After all, with each new potent earthquake and the power of the tremors; then it is reminder about how fragile the situation is. It is factual that the last few earthquakes only killed a few people and unlike the 9.0-magnitude earthquake which unleashed the potent and deadly tsunami; then the threat to loss of life was not high. However, the psychological impact must be very high because it is difficult to return to normal when you have continuing aftershocks which are powerful and the ongoing nuclear crisis is adding to even greater pressure.
Since the 9.0-magnitude earthquake struck on March 11 you have had over 400 aftershocks with the magnitude of 5.0 or even higher and in the last few days two have been rated very high. Even today, April 12, tremors could be felt in Tokyo and the last few have been stronger than the previous week or so. Therefore, fears remain that an even stronger aftershock may emerge and even if it does not, psychologically it is a problem because the number of aftershocks have been many.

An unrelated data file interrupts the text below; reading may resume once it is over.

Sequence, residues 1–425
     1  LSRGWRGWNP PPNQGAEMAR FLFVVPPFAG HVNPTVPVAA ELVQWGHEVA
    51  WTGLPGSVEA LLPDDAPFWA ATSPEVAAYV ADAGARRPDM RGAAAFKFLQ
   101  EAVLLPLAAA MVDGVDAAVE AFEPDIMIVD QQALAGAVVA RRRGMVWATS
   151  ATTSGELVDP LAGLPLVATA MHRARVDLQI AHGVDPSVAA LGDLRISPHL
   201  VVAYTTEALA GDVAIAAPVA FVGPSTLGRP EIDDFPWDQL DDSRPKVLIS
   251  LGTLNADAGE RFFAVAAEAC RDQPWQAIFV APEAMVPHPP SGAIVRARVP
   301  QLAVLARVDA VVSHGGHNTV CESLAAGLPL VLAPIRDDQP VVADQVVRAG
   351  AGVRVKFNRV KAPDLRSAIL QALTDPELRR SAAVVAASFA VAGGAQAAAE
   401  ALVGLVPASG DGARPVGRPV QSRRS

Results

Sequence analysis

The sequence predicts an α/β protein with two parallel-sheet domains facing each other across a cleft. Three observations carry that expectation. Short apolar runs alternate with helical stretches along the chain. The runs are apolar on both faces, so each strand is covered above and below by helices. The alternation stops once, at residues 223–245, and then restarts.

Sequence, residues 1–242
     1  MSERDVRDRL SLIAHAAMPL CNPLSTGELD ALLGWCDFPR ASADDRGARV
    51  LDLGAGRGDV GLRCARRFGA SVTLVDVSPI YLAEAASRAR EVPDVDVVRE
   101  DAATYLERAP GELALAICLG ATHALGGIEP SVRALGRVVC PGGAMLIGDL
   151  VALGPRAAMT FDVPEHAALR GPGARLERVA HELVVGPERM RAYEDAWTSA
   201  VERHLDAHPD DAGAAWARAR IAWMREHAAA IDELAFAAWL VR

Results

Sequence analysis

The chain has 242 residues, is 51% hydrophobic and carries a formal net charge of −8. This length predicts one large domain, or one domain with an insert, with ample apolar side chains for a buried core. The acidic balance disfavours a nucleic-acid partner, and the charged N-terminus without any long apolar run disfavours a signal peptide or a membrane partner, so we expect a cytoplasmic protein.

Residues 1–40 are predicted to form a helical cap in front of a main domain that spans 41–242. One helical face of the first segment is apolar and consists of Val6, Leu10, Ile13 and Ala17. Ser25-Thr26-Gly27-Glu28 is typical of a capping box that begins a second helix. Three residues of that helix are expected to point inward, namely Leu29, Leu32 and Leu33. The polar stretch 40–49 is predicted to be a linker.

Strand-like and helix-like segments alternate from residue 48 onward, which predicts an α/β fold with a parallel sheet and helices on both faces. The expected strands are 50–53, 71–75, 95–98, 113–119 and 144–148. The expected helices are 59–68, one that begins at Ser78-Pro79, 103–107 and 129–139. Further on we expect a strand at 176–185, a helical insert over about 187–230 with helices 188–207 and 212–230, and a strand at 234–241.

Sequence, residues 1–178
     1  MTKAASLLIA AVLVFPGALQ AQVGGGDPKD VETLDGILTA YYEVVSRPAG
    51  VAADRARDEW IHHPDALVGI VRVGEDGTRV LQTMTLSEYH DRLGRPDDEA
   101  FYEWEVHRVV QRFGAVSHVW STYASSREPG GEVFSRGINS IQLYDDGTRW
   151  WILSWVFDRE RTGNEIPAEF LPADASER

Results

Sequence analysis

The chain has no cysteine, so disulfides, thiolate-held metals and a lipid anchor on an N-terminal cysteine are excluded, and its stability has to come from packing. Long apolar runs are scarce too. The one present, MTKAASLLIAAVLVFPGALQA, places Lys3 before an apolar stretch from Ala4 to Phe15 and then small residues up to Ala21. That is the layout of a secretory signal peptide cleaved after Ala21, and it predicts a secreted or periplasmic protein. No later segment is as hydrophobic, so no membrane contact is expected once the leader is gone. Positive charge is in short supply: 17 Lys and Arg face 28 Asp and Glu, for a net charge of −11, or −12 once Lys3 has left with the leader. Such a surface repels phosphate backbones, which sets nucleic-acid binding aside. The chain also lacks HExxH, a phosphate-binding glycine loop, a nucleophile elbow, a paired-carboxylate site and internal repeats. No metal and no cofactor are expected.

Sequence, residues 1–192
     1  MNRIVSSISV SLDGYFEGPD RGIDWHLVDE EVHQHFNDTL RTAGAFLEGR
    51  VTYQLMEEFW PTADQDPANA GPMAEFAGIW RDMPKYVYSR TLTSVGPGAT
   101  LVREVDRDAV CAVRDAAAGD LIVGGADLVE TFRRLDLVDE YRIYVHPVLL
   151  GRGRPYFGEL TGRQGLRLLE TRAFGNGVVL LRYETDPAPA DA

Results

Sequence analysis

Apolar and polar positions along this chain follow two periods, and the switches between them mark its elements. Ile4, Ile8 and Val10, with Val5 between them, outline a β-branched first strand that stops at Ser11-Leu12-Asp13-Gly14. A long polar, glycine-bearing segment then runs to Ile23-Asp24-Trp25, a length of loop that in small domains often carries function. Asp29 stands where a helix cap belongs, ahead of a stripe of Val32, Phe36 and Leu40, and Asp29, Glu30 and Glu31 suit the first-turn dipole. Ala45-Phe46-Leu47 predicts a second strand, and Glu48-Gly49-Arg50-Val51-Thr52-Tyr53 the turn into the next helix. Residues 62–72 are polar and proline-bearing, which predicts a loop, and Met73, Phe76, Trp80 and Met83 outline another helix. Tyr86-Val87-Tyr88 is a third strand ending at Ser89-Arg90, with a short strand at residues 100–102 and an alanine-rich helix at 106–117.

The latest aftershock caused a blow to companies which are trying to return to normal in parts of northeastern Japan. Fujitsu Ltd. was forced to suspend operations because of power shortages and Renesas Electronics Corp. had to stop production lines in Aomori and Yamagata prefectures.
Other major companies like Rohm Co. were forced to halt their restart in Miyagi prefecture and so many other major companies have been hindered by energy shortages, huge damage, infrastructural problems, and other factors; therefore, it is hard for northeastern Japan to return to normal because of ongoing problems.
The latest 7.1-magnitude earthquake which hit Fukushima and the ongoing radiation crisis at the stricken nuclear plant, alongside energy shortages, is causing great damage to the regional economy and this in turn is creating major ripples within the economy of Japan.
Nature is still not letting up and human failings over the Fukushima Daiichi nuclear plant is adding to the psychological factor. When this is added to power shortages, fisheries sector in crisis, agriculture industry in free fall, and other major factors; then the recovery is going to be painfully slow and for people near the stricken plant it is clear that their communities are under enormous strain and the immediate future looks bleak.